During the trip I had a few opportunities to taste local rosé wines, appreciating the diversity of this growing wine style. As there have been no organised tastings of rosé wines from these countries, this summary is based on the few I have tasted and is by no means exhaustive. Despite the popularity of rosé, few rosé wines featured on wine lists in bars and restaurants, so I sometimes had to ask if rosé was available.

The rosés tended to be darker than those of the almost white-shell-pink Provence. Blaufränkisch/Kékfrankos was the most commonly used grape, featuring in twelve out of thirty wines. Zweigelt, which is included in five of the following rosés, is a cross, created at Klosterneuburg (see Austria below) between St Laurent x Blaufränkisch. Most of the rosés were fruity (generally red fruits) and with high acidity. Many also had a delicate tannic presence which, combined with the acidity, appears to give these rosés a degree of longevity; note the vintage dates of those tasted – the oldest being 2012. The majority of rosés tasted were 12% alcohol or under. Continue reading

Rosé Wines from Liguria

Cantine Bregante vineyards up in the hills overlooking the sea

Cantine Bregante vineyards up in the hills overlooking the sea

The wine region of Liguria is beautiful, with rocky hillside vineyards, overlooking the sea as well as higher up in the valleys.

What makes it so attractive to the casual visitor, does make it more difficult to explore – and interesting – for the wine lover. Small narrow roads meander up amongst the vineyards, the length of the region from the French border to Tuscany, discouraging access for the faint-hearted.

The large number of grape varieties unique to Liguria can be confusing, but research, visiting and tasting in such a picturesque region is worthwhile.

IMG_5134At Ligurian food & wine festival Mare&Mosto in Sestri Levante, I was able to try a large number of wines and talk to producers, and discover more about the growing number of rosé wines (rosati) produced in response to growing popularity.

Many of the rosati are more akin to a light red wine, with a touch of dry tannins on the structure and finish, making them more suitable to accompany a meal than for light easy drinking. The best examples had good ripe fruit which balanced this slightly tannic finish.

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Looking at the Rosé wines of Provence and Elsewhere


Blind Tasting of Top Rosés at Thomas Pink of Jermyn Street, London

A great location for a tasting, surrounded by expensive shirts, ties and cufflinks!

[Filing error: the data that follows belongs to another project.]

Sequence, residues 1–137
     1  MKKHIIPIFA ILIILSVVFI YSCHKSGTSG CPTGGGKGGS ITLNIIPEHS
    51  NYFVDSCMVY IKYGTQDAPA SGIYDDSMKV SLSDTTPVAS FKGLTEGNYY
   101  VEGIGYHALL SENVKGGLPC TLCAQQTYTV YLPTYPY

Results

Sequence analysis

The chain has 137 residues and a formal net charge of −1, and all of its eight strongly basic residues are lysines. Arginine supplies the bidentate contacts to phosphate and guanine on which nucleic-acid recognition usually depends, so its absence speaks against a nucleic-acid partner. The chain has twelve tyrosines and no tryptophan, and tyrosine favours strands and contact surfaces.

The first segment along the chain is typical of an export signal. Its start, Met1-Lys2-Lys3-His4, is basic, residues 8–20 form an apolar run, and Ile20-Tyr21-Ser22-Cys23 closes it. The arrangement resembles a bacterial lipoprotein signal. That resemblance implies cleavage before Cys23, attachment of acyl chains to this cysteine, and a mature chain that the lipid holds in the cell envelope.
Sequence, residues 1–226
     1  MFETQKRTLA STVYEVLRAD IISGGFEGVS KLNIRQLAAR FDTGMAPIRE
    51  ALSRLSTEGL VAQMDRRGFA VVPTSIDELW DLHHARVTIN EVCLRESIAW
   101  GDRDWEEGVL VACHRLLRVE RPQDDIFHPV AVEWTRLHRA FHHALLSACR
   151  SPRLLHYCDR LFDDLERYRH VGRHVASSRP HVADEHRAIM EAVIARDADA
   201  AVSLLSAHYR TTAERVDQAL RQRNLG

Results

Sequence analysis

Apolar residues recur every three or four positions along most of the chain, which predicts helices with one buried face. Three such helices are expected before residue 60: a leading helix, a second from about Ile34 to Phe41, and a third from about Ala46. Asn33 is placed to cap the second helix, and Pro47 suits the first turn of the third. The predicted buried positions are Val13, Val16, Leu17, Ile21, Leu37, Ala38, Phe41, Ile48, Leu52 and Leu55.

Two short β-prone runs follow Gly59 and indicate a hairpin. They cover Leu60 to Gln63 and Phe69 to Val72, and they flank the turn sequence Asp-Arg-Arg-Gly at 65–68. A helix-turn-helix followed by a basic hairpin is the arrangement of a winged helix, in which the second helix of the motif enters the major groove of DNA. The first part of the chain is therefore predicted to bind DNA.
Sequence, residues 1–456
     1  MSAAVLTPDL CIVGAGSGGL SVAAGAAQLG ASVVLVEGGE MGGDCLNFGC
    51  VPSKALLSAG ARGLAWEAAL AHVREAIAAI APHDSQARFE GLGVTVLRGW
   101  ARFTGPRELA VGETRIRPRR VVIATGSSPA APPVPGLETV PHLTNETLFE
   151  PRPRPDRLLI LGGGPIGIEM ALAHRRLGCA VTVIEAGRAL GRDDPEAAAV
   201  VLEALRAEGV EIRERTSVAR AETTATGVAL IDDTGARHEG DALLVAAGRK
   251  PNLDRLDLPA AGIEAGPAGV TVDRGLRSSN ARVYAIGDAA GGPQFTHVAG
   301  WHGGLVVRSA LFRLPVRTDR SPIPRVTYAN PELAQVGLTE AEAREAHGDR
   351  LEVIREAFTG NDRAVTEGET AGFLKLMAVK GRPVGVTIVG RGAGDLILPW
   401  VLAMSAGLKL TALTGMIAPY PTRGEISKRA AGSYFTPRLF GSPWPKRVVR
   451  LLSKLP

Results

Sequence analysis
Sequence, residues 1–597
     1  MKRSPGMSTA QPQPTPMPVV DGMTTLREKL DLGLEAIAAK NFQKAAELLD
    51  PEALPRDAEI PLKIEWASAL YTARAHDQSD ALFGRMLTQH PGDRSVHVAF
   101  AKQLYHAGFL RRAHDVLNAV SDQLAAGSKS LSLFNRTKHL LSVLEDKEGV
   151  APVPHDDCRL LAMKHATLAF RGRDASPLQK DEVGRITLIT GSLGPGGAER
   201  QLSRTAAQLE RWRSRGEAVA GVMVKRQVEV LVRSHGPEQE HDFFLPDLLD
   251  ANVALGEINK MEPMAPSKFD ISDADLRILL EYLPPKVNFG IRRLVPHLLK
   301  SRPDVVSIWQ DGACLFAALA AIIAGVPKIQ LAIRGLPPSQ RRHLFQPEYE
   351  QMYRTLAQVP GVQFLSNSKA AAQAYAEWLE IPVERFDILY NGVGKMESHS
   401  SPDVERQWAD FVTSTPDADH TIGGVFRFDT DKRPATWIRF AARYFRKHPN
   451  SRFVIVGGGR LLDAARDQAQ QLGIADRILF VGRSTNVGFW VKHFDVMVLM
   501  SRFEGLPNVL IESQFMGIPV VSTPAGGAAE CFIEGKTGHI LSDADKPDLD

Fox in the red hunting jacket known as a Pink jacket after the tailor

Fox in the red hunting jacket known as a Pink jacket after the tailor

This was a fascinating tasting of twenty rosés selected from around the world – New Zealand, Australia, Italy and France, all selected because they are highly regarded. So, technically, all of the wines should have achieved high scores.

Admittedly, when wines of such different styles are tasted side by side, some will appeal more than others, so the scores do not necessarily reflect the quality, but rather which style is most attractive to each taster – so it will be fascinating to see the results when they are compiled by Richard Bampfield MW.

Richard Bampfield MW

Richard Bampfield MW

In summary, I would say the rosés I liked most had fresh vibrant fruit (usually red or black depending on the variety), such as Pascal Jolivet, Clos Canarelli, Chene Bleu, Ca dei Frati’s Rosa dei Frati and Charles Melton’s Rose of Virginia, matched with a fresh acidity (preferably not too much grapefruit), as in Clos Canerelli, Domaine Ott’s Clos Mireille, Guado al Tasso’s Scalabroni Rosato. But I also like the creamy, toasty/leesy character (André Dezat, Ch Brown, Domaine de la Source, Ca dei Frati) giving the wine a bit more complexity – maybe more of a gastronomic wine and not a poolside rosé.

Some roses seem to have mixed up weight with gastronomic or serious style – both Chateau d’Esclans and Chateau d’Esclan’s Whispering Angel and Mordorée’s La Dame Rousse – ended up being too chunky and clunky for me.

Tannins in a rosé do not seem to work for me and it was interesting that the two from the Barossa Valley had a touch of tannin, which combined with the darker colour suggests a touch too long skin contact and the use of darker more tannic varieties.

The depth of colour is not something I would judge a wine on – although the Léoube and Chene Bleu were possibly a touch too pale in comparison to the others – but I do know that in Provence that paleness is highly sought after.

Little varietal character seems to show other than the fresh leafy green character of Cabernet or if the variety is too dark and tannic.

Altogether, a rosé, for me, should be fruity and even a touch floral, fresh and clean, some complexity and weight, but not so heavy and chunky that it loses any finesse.